Offered by others undergoing much trouble, do you partake the smell of raw flesh.

241 'Whatever the relation of Brahmà says, the smell of raw flesh is not suitable for me.

Partaking eatables like fine rice, with well prepared flesh of birds

I ask you this, how does the smell of raw flesh come to you. "

242 "Destroying life, hurting, cutting binding stealing, telling lies, deceit and cheating

Hypocrisy, and going to others' wives, that is the smell of raw flesh, not partaking flesh.

243. Humans not restrained in sensuality, greedy for tastes and mixed with filth

Gone wrong with the view there's no results for actions, that is the smell of raw flesh, not eating flesh.

244. Hard hearted back biters without compassion, conceited and betrayers of friends,

Do not give anything to anyone, that is the smell of raw flesh, not eating flesh.

245. Angry, intoxicated, stuborn, opposing, crafty, jealous and boasting,

Measuring, conceited, and with wrong intimacy, that is the smell of raw flesh, not eating flesh.

246. The evil, stricken with debt, asked to repay would run away,

The worst of men doing evil in this world, that is the smell of raw flesh, not eating flesh.

247. Unrestrained humans get work done worrying others,

Evil, bloody handed, with rough and malicious talk, that is the smell of raw flesh, not eating flesh.

248 The greedy ones destroying the foetus, always work hard, later go to darkness,

They fall into hell upside down, that is the smell of raw flesh not eating flesh.

249. Eating well prepared fish and meat, going naked, shaving, wearing a headdress, leaving perspiration

on the body and pulling out hairs of the head and beard .

Observing the fire sacrifice, practising eel-wriggling, muttering verses and observing the seasons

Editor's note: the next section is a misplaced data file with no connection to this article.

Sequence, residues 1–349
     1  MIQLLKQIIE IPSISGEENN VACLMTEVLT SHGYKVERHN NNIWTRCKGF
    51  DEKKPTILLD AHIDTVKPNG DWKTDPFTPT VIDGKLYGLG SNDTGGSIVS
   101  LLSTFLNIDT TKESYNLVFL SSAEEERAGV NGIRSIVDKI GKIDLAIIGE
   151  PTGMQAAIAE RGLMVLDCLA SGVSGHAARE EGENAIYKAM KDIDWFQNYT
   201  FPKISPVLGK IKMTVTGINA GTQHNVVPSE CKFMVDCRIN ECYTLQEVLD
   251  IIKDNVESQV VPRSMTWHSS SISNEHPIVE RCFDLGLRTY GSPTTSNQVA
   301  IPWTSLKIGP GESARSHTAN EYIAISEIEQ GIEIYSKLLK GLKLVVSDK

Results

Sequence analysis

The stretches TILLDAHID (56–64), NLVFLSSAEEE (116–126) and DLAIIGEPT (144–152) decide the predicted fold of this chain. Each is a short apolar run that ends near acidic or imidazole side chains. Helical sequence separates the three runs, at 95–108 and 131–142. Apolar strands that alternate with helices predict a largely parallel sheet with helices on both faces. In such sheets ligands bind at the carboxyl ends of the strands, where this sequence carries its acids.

Do not purify people of their doubts.

250. Protect the streams1 and abide with controlled mental faculties, be gentle and straightforward

according to the Teaching

Bonds given up, dispel all unpleasantness, the wise do not talk of the seen and heard.

251. When the Blessed One explained its meaning again and again, the brahmins learned it.

The Blessed One explained the smell of raw flesh with beautiful verses.

252. Hearing the good words of the Enlightened One for the cessation of the smell of raw flesh,

Those with low minds worshipped the Thus Gone One and begged for the going forth to end all unpleasantness.

source: http://www.metta.lk/tipitaka/2Sutta-Pit ... gga-e.html
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A head of gray hairs doesn't mean one's an elder. Advanced in years, one's called an old fool.
But one in whom there is truth, restraint, rectitude, gentleness,self-control, he's called an elder, his impurities disgorged, enlightened.
-Dhammpada, 19, translated by Thanissaro Bhikkhu.
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Re: the great vegetarian debate

Postby Ron-The-Elder » Thu Mar 15, 2012 1:47 pm

A Plant's Eye View - Michael Pollan:

http://www.ted.com/talks/lang/en/michae ... _view.html

What if human consciousness isn't the end-all and be-all of Darwinism? What if we are all just pawns in corn's clever strategy game to rule the Earth? Author Michael Pollan asks us to see the world from a plant's-eye view.

Michael Pollan is the author of The Omnivore’s Dilemma, in which he explains how our food not only affects our health but has far-reaching political, economic, and environmental implications. His new book is In Defense of Food.
What Makes an Elder? :
A head of gray hairs doesn't mean one's an elder. Advanced in years, one's called an old fool.
But one in whom there is truth, restraint, rectitude, gentleness,self-control, he's called an elder, his impurities disgorged, enlightened.
-Dhammpada, 19, translated by Thanissaro Bhikkhu.
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Re: the great vegetarian debate

Postby Ron-The-Elder » Fri Mar 16, 2012 7:18 pm

Vegetarians Prone to Alzheimers in India:

Thanks to DK in Buddha Forum

http://buddhaforum.org/viewtopic.php?f=82&t=1242
What Makes an Elder? :
A head of gray hairs doesn't mean one's an elder. Advanced in years, one's called an old fool.
But one in whom there is truth, restraint, rectitude, gentleness,self-control, he's called an elder, his impurities disgorged, enlightened.
-Dhammpada, 19, translated by Thanissaro Bhikkhu.